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July 23, 1985


The opinion of the court was delivered by: GERRY

GERRY, District Judge

 This is a suit brought under the Age Discrimination in Employment Act. The plaintiff was terminated in October, 1982. At that time, he had been employed by the defendant for a period of ten years and was 58 years of age. Plaintiff during those ten years was a construction manager for the defendant. Upon his termination, plaintiff's duties were assumed by his assistant, Ralph Liberatore, who was 43 years of age. Shortly thereafter, Liberatore was officially promoted to the title of construction manager, and the assistant's job was eliminated.

 The defendant, Spencer Gifts, contends that plaintiff's termination was the result of a need to reduce the size of its work force. In the previous year, the number of new stores the company opened declined dramatically in comparison to previous years. One of the principal responsibilities of plaintiff's department was the planning and supervision of new store openings. The defendant states that it decided that it could only retain one executive in the construction department, and thus, that it had to choose between plaintiff and Liberatore.

 The defendant does not seriously dispute that plaintiff was a good worker. However, his informal evaluations had gradually declined from "Excellent" to "Good ." Moreover, his supervisors had found him to be less cooperative and easy to get along with than they would have liked. They also believed that his health problems made him less flexible from the standpoint of travel. Finally, they were disappointed in his performance on a project assigned to him toward the end of his tenure. Chipollini had been made the company's "energy warden," in charge of implementing cost-cutting measures in this important area. Apparently, according to defendant, Chipollini did not accept this new responsibility very willingly, failed to show much initiative in doing this job, and did not produce the hoped-for energy savings.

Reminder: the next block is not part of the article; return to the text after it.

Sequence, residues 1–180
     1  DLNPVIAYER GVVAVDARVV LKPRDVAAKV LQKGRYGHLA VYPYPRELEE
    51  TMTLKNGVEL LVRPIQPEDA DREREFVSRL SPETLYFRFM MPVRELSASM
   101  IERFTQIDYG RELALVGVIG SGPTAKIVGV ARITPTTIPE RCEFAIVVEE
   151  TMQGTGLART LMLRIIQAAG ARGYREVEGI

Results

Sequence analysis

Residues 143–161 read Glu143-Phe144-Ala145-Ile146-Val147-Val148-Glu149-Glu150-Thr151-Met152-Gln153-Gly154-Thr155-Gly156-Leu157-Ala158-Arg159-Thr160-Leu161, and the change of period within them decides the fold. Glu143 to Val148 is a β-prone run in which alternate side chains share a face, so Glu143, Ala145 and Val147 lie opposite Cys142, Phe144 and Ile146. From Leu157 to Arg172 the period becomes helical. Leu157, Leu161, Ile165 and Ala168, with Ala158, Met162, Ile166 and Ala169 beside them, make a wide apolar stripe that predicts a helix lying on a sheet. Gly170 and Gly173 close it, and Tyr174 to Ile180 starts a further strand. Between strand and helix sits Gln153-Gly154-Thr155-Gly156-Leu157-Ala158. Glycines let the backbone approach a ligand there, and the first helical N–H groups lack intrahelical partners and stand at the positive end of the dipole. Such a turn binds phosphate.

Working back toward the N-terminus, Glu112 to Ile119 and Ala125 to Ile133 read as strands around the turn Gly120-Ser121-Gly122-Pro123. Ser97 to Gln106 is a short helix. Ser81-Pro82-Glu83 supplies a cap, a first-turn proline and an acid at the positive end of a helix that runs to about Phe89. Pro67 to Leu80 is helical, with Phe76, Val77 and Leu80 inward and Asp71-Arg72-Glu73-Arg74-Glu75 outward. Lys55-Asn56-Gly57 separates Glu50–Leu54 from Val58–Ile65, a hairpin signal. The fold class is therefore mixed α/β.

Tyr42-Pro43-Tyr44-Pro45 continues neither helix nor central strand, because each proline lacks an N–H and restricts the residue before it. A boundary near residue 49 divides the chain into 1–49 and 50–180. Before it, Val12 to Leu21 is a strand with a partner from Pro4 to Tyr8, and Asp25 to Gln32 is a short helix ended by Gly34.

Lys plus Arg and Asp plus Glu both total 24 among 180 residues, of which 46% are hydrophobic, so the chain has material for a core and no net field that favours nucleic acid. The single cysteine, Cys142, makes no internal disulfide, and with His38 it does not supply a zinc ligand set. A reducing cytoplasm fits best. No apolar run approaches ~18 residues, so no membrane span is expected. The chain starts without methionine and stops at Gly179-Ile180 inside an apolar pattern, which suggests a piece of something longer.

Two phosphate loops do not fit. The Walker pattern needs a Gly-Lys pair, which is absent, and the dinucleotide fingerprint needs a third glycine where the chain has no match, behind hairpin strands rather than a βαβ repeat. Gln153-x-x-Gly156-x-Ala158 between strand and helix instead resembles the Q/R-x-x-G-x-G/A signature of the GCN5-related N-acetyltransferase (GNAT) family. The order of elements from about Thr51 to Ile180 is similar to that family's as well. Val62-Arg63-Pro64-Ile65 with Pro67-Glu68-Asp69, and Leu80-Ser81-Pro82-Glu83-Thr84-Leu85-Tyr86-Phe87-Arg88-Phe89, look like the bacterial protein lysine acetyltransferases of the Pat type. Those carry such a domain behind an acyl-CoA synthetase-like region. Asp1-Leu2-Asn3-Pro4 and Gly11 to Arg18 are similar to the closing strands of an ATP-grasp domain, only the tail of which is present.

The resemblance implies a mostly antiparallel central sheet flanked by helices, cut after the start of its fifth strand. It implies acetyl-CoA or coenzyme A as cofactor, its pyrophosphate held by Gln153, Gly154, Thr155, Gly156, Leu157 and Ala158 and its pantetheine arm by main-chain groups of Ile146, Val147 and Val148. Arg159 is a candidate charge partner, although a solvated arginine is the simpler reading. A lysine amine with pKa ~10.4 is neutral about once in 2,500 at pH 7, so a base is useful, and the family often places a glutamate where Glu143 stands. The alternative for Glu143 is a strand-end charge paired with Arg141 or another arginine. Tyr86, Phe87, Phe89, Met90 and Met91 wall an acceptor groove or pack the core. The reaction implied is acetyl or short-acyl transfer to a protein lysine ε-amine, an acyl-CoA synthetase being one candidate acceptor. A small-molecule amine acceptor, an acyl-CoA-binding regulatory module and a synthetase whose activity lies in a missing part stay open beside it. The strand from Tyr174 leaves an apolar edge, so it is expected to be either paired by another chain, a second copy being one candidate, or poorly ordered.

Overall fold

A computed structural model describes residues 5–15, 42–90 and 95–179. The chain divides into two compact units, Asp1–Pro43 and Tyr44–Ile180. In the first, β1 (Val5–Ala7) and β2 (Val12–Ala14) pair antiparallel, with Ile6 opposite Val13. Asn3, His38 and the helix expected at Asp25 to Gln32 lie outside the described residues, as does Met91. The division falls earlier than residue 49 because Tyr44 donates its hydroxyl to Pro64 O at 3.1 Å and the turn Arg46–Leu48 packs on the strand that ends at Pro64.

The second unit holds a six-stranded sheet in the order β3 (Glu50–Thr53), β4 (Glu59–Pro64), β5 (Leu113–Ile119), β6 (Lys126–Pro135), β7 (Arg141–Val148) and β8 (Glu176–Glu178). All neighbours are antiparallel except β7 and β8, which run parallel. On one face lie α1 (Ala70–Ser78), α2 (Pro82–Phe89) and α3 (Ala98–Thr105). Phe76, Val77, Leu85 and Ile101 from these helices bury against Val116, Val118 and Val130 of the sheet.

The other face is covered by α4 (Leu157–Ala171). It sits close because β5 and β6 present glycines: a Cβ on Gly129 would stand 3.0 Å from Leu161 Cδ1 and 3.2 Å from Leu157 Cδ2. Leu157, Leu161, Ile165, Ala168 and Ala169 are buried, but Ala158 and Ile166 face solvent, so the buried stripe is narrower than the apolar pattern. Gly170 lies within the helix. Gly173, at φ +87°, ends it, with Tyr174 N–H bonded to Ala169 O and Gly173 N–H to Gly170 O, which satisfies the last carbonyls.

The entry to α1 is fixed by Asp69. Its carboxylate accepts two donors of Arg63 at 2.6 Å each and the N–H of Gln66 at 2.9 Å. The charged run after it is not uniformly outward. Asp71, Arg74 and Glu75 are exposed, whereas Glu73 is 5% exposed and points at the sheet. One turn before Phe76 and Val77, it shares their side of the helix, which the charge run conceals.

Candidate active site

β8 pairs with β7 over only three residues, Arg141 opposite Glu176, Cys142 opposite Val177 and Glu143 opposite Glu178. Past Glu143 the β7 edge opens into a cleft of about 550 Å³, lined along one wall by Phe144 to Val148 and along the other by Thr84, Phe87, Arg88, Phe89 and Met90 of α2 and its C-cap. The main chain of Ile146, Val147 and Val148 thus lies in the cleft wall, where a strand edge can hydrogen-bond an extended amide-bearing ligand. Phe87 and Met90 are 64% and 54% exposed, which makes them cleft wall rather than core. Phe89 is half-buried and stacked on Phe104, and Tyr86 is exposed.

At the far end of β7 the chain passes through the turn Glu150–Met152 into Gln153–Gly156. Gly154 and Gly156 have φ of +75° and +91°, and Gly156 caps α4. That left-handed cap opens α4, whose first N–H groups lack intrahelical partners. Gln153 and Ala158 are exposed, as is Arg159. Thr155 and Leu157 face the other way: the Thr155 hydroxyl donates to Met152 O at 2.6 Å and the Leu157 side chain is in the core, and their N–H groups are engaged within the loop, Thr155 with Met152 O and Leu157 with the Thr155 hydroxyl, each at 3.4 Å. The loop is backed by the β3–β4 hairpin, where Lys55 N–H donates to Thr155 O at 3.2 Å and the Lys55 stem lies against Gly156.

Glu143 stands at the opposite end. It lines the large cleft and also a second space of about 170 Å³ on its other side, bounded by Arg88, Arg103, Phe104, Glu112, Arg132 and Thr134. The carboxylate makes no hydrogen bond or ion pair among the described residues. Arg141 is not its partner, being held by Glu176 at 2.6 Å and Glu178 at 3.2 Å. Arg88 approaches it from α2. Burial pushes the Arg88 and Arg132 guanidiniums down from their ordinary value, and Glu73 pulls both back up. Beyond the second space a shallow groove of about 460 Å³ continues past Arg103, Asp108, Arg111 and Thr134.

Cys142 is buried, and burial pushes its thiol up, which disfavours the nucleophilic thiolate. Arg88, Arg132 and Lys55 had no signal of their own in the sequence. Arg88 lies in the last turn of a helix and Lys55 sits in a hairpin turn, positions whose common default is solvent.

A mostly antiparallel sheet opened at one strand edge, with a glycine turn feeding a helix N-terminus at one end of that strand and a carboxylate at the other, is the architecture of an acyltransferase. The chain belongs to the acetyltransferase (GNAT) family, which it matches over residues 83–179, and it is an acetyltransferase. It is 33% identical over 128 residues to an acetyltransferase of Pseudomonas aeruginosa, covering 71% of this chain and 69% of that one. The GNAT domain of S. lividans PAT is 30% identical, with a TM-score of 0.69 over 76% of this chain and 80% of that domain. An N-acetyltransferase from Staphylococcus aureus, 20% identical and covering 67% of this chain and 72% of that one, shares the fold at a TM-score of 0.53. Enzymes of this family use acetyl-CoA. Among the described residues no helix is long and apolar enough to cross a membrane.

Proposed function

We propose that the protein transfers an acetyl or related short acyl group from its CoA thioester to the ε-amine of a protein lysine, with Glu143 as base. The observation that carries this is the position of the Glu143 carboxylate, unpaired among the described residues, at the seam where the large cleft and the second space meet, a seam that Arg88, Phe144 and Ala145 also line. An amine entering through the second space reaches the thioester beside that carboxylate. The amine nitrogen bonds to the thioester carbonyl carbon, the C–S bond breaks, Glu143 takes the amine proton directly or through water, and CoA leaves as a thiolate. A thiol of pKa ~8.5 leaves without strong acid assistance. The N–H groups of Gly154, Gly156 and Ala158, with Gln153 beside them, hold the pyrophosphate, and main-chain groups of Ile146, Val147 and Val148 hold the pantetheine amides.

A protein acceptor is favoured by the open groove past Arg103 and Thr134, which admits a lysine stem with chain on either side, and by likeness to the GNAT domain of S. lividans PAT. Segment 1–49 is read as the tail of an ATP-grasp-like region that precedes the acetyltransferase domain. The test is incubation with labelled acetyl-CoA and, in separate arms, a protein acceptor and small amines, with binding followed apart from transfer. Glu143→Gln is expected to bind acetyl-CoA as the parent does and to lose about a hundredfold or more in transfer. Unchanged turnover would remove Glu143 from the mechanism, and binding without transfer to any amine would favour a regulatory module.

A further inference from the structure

The defendant states that Liberatore was more flexible and easier to work with than plaintiff. Liberatore, however, had only been made Chipollini's assistant in the home office some 3 to 4 months prior to plaintiff's termination. Prior to that, he had been a construction person "out in the field" for about three years. Thus, despite his relative lack of experience in carrying out the functions of the executive branch of the construction department, the defendant believed that Liberatore was a better man for the job.

 The plaintiff, for his part, does not dispute Liberatore's qualifications for the job. He simply alleges that age entered impermissibly into the decision as to who should be retained.

 The defendant has moved for summary judgment and claims that age had nothing to do with its decision on who to retain and who to let go.

 Legal Analysis

 1. The defendant initially contends that the plaintiff has failed to establish a prima facie case under the ADEA. In a discriminatory treatment case such as this, the plaintiff, in the absence of direct proof of discriminatory intent, may satisfy his initial burden of going forward by meeting the four-part test of McDonnell Douglas Corp. v. Green, 411 U.S. 792, 36 L. Ed. 2d 668, 93 S. Ct. 1817 (1973). That case, of course, was a Title VII suit but has generally been held to apply to ADEA claims as well. See Massarsky v. General Motors Corp., 706 F.2d 111 (3d Cir. 1983). The McDonnell Douglas test is not designed to be applied mechanically; different facts may necessitate modifications in the basic elements, but that case nevertheless provides a useful starting point. Under McDonnell Douglas, a prima facie case is established where:


(1) the plaintiff is a member of a racial minority;


(2) he was qualified for the job for which an employer was seeking applicants;


(3) despite his qualifications, he was rejected; and


(4) after his rejection, the position remained open, and the employer continued to seek applicants from persons of plaintiff's qualifications.

 Here, plaintiff was within the ADEA's protected class of 40 to 70 year olds and therefore meets the first prong of McDonnell Douglas, as adapted to the ADEA. Second, we believe the evidence presented establishes that Chipollini was performing his job in a satisfactory manner, satisfying the second prong of the adapted test. See Douglas v. Anderson, 656 F.2d 528, 533 (9th Cir. 1981). It is important to recognize that plaintiff need not show that he was the world's greatest employee to be deemed satisfactory. All that is required is evidence that he generally performed the job in a capable manner. Although there is evidence that his employer may have felt that Chipollini's performance was not as excellent as it had been in prior years, he nevertheless was still considered "Good ." The third prong of the test is met quite simply by the showing that plaintiff, although a satisfactory employee, was terminated.